Proverbs 27:1 says, "Boast not thyself of tomorrow; for thou knowest not what a day may bring forth." There is so much wisdom to this statement. Just one day more and we may be dead and gone. The decisions of a single moment can bring happiness or sorrow. Sometimes the decision for a few minutes can cost one for the rest of their life. So, it is wise to always make good decisions.
This thought caused me to write an old time reflection. We had a tradition when I was a young lad about saving for the time ahead. It was a tradition that most Saturdays my parents went to the town of Leachville to get some groceries. We never went hungry but we had to watch our spending.
Usually when we went to Leachville my parents would give me a quarter to spend. A quarter would buy four things. It would get you into the show to see a shootem-up-western movie. I think the ticket cost seven or eight cents. Popcorn was a nickel. There was a little cafe in Leachville that sold hamburgers for a nickel, and a soda pop, also for a nickel. Whoever thought it would cost you now $5 to get into a show? Who wold have thought it would cost $4 to get a hamburger today. Popcorn sometimes costs a dollar or more. Whoever thought we would all have a nice television and maybe more than one in the average home?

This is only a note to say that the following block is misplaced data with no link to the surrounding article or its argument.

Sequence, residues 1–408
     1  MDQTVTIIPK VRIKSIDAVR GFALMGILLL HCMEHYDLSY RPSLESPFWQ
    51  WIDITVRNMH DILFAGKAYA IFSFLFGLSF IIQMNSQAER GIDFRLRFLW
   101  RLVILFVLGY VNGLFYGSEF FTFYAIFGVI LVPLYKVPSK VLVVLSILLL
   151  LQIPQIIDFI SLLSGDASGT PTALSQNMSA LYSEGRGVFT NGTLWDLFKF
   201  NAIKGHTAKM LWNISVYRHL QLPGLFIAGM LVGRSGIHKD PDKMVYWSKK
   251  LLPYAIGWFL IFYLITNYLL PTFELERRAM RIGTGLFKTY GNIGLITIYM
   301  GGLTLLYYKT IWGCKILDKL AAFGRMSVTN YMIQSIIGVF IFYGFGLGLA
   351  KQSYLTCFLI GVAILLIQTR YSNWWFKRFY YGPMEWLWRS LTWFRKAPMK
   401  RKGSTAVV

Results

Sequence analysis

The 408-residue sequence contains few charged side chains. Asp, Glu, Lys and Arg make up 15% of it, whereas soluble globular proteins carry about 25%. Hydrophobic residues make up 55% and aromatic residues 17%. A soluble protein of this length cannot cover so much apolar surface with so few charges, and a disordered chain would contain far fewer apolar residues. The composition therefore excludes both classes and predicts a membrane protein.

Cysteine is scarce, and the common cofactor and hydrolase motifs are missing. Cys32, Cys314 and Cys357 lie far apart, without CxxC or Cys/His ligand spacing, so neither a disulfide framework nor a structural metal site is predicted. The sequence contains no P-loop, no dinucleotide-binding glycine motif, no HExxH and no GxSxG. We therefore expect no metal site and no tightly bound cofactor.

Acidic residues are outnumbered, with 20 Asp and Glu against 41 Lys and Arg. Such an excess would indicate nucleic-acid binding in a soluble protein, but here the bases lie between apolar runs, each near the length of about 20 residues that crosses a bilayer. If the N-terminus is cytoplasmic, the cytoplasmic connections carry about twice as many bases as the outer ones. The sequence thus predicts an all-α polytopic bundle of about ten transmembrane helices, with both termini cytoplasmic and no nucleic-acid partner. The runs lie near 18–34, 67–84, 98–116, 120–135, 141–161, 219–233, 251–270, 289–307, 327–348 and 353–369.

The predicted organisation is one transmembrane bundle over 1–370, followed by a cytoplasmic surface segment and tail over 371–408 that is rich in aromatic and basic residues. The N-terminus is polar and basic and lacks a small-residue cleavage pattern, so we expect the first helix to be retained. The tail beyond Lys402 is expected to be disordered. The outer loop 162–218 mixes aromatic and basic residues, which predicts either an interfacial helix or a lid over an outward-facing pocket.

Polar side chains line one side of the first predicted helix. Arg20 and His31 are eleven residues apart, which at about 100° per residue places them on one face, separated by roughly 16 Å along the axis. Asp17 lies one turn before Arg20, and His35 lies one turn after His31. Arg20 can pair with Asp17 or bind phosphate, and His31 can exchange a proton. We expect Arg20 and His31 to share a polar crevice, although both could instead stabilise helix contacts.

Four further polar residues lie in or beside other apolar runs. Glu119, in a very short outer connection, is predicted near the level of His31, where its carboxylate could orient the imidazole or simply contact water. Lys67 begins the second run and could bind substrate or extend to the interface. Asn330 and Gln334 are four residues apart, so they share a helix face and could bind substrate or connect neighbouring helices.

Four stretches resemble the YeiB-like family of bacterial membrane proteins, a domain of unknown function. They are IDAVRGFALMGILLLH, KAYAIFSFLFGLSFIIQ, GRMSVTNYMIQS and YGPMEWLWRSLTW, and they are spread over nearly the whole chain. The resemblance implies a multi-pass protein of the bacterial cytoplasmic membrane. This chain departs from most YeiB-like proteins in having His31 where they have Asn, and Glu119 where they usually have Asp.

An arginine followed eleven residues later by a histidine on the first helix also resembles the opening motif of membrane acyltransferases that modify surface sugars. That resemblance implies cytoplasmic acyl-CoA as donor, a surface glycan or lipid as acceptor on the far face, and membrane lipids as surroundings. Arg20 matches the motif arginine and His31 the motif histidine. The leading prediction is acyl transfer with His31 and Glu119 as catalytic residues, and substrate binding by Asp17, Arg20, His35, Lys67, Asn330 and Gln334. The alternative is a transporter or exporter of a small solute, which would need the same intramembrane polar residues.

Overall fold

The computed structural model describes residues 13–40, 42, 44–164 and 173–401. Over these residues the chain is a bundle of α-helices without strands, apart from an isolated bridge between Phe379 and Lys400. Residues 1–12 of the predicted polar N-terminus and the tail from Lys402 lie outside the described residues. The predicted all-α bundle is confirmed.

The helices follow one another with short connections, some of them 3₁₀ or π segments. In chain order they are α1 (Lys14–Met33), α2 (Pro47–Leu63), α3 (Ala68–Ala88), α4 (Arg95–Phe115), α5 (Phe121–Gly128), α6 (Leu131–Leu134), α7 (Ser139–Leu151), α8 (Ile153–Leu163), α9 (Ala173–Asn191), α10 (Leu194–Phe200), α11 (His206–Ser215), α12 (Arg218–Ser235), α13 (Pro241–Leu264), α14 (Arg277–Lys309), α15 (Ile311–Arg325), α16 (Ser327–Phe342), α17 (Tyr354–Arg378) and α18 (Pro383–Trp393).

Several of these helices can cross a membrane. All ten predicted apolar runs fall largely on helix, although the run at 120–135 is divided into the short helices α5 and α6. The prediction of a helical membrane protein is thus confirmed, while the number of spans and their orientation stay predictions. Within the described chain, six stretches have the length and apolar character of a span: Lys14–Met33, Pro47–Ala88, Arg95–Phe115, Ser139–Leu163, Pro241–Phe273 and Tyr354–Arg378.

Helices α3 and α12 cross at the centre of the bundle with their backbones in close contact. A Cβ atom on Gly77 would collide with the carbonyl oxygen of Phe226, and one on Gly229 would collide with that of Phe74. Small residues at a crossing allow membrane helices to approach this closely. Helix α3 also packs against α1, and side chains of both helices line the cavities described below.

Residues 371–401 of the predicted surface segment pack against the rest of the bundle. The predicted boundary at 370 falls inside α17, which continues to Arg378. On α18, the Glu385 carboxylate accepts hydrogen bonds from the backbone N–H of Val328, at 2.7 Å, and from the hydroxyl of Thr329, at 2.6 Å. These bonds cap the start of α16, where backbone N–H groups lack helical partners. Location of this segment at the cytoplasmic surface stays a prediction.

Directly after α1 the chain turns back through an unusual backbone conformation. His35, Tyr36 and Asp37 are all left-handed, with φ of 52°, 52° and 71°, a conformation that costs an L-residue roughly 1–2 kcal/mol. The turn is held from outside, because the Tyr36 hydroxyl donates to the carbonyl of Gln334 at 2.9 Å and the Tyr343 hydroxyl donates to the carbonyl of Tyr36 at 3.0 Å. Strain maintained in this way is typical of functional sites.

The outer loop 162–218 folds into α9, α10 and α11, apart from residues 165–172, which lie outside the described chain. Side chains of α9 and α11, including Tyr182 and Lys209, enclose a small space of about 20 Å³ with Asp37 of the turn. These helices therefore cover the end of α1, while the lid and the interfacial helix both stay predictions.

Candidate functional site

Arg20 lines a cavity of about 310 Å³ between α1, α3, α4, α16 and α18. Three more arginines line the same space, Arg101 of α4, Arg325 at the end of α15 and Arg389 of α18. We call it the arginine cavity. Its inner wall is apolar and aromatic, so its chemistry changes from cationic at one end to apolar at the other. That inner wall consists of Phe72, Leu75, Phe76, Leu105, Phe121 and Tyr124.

When I was 12 years old Mr. Jim Hughes had a little hamburger place in Leachville. There is still a small business in Leachville, a similar looking building, replaces the old hamburger joint. Mr. Hughes was the owner and only worker. He had a small refrigerator where he kept the small balls which he cooked on order. He had a little grill which he cooked them on. He had a small ice box to keep the sodas cool. He wold put one of the beef balls on the grill and smash them with his spatula. He would cut the bun with a big knife, smear a little mustard, put a slice of onion, and a couple of pickles. He would wrap it with a napkin and hand it to the customer. The seats were about six or seven in number. Customers came regularly to get hamburgers. At that time, the Cotton Belt Railroad had a water tank to refill the old train's boiler. They would stop there right behind the Hughes' cafe and get the nickle hamburgers while the boiler was being filled. Stopping a train to get hamburgers was very common. So you can see how far a quarter went in those days.
Who would have thought what a difference a few years could make in the town of Leachville?